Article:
Fired from my job, what do I do now?

Written by on November 26, 2019

Fired from my job, what do I do?

I was working as a consultant at a startup. One of my team members was a brilliant manager named Jason (not his real name).

Jason was not a 10x manager, but he was diligent and interested in his craft. He did everything right and he enjoyed his job. His projects were on time and his metrics were solid.

Until one day, he was called into the CTO’s office

He was told that his performance was sub-par and he was given his 1-month notice period.

We were all baffled

So was Jason. He couldn’t help himself thinking that he must have done something wrong.

You could see that it depressed Jason. He couldn’t see the skills he has, and with the experience he has he could easily find a potentially better job elsewhere, enhancing his career.

How could Jason better approach to this seemingly dire situation?

I took upon coaching Jason out of this situation and he turned the situation around. And it was much easier than he expected.

In this article, we’ll learn techniques that worked for Jason and many others.

First, hang in there and question your mindset

“Getting fired” has a bad connotation, but it is nothing more than a bilateral contract being ended.

There are usually multiple reasons why this happened, and you’ll be surprised to see how many of them aren’t even related to your performance.

In Jason’s case: the company has decided to shut down the product line he was working on. Instead of giving away a bad image about market failure, they decided to tell Jason that he was the one to blame.

1. Take a mental break

I’m an independent consultant so I change clients more frequently than an employee. Even after 15 years of independence, I still find it hard to immediately jump on searching for the next client.

Take some time off. Go to that long-postponed holiday. Spend quality time with your family.

A common mistake is to jump into job-searching immediately. Giving your mind the time to heal will make the steps after much easier.

2. Decide what you’ll do next

Your skills and experiences have got you to this job. There is absolutely no reason to think that “you area unemployable”.

You can continue doing what you have been doing.

Or better, you can see it as an opportunity to jump ahead in your career.

You can start shooting for higher-level positions. You can become an independent consultant.

If you are intrigued by becoming an independent consultant I’ve written an ultimate guide to cover all bases. Check it out here.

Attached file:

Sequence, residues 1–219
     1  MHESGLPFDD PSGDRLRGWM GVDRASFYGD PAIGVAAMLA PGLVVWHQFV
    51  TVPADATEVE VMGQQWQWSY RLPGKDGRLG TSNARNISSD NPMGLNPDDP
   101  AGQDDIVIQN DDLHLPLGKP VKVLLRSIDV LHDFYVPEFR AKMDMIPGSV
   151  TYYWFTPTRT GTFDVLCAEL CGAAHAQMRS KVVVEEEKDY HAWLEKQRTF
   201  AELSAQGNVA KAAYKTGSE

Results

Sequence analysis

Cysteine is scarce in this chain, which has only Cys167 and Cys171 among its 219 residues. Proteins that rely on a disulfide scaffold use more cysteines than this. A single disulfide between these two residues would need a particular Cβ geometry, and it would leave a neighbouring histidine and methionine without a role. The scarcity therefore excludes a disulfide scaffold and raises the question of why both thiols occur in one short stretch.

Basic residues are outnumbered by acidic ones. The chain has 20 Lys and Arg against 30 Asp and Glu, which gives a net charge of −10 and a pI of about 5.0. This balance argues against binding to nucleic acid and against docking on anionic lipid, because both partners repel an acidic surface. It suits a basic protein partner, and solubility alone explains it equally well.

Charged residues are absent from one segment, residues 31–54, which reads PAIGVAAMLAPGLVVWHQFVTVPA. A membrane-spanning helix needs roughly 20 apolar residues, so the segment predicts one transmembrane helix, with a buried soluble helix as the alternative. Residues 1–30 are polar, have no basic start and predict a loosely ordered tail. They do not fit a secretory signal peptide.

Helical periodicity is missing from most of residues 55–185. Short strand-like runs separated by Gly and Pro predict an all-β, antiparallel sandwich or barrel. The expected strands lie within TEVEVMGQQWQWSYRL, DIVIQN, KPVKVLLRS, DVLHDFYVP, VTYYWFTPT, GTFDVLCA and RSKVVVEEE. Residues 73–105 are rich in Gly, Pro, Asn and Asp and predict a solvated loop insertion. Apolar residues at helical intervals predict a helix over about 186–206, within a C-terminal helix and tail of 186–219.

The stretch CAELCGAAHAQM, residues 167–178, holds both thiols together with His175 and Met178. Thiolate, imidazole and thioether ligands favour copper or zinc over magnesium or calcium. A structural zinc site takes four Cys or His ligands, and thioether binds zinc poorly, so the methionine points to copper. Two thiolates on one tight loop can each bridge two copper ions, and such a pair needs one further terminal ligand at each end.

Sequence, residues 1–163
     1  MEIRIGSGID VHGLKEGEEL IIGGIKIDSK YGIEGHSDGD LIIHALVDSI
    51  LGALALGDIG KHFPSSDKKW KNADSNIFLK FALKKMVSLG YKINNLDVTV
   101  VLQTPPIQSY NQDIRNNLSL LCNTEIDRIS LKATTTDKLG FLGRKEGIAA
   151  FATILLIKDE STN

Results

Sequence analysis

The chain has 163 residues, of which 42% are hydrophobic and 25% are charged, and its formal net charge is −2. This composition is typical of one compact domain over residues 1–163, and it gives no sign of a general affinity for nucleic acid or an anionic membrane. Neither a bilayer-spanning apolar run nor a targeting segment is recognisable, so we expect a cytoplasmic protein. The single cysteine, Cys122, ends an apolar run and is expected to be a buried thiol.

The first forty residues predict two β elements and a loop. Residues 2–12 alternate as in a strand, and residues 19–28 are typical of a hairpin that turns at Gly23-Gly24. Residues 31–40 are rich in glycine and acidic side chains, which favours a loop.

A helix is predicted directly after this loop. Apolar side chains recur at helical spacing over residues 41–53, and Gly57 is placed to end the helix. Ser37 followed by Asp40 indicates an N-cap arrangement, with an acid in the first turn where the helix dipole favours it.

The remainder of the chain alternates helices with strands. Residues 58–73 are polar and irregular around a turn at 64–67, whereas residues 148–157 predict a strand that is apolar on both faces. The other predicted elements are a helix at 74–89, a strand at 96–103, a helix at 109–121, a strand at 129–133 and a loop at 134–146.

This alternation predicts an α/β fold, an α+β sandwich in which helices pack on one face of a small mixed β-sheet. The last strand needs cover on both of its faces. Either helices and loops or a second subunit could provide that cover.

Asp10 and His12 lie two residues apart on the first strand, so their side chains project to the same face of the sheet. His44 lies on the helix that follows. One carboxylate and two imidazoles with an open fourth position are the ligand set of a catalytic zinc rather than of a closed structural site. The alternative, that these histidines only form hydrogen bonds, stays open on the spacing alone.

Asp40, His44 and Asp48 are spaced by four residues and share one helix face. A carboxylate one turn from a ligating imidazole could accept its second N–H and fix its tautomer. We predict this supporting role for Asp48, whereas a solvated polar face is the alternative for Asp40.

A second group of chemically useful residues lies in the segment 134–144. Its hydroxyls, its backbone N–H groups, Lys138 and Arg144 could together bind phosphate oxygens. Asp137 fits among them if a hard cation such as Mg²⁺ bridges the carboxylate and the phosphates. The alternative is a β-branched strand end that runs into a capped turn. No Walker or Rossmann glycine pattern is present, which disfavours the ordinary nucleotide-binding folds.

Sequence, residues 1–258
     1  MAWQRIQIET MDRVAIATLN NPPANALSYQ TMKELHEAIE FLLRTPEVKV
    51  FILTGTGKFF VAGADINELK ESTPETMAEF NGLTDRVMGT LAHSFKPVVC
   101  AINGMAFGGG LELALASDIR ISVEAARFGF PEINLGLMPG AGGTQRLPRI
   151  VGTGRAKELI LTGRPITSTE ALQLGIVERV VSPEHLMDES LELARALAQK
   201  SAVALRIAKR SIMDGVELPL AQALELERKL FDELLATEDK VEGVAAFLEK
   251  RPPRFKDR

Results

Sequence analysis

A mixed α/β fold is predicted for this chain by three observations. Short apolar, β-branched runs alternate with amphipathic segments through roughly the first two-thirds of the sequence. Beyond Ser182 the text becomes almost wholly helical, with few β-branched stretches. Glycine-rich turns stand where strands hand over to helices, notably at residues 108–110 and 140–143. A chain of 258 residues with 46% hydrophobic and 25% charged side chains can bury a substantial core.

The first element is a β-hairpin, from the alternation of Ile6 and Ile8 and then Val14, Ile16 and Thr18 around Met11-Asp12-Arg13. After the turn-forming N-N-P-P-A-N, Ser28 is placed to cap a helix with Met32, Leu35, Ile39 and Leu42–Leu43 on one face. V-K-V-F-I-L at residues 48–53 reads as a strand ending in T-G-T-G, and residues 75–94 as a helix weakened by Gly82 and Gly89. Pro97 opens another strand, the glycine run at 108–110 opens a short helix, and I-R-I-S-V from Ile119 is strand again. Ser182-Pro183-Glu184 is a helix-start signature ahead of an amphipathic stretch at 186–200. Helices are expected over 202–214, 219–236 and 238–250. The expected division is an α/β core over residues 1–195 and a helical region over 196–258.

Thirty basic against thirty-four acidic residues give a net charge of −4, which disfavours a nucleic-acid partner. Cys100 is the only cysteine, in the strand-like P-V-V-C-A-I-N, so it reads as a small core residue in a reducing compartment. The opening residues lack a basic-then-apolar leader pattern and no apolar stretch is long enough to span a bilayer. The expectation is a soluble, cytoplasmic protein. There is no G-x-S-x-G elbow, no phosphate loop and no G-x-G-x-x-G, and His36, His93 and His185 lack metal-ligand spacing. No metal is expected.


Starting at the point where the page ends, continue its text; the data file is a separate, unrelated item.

Ending your current assignment can only be bad if you frame it bad. Frame it as an opportunity to grow, you’ll be off to races in no time.

3. Fix your resume / CV 

If you have been working for a long time in the company, chances are that your CV is not up to date.  

Pimping up your CV is the single-most ROI item that you can do without any cost. I’ve written a guide on how to write a great CV that gets results, on Elizabeth Harrin’s blog. It is a great start.

Preparing your CV has an extra benefit of preparing you for difficult interviews. It is a single piece of representation that can talk about you when you aren’t in the room. The last step is:

4. Apply for jobs and networking

After you have your CV nailed down, you should put it to test by applying for a few jobs in your chosen direction. More interviews you have, more you can perfect your CV and your interview skills.

Be sure that you update your LinkedIn with your new CV

LinkedIn is the google for head hunters. A keyword-rich LinkedIn profile will pop your profile up high in searches.

My LinkedIn profile gets about 500 views per week, thanks to the fact that I keep it up to date.

BONUS: Manage your off-time wisely 

Have you been putting off self-development courses for a long time because of heavy work-load? No better time than now to get back on course! Start networking by speaking at local meetups, and recruitment events. Sign up for those courses to improve your soft skills.


Getting fired can feel overwhelming and it is tempting to blame yourself.

This mindset is totally normal. But it will NOT help you to frame it as a positive event for the future.

  • Take a mental break
  • Decide on next steps
  • Refresh your CV
  • Network intelligently

And you’ll immediately see the light at the end of the tunnel.

Next steps 

Read my ultimate guide to become an independent consultant if you haven’t already. Even if you aren’t into independent consultancy, it has a lot of tips: i.e. How to prepare a stellar CV, how to nail down interviews, etc.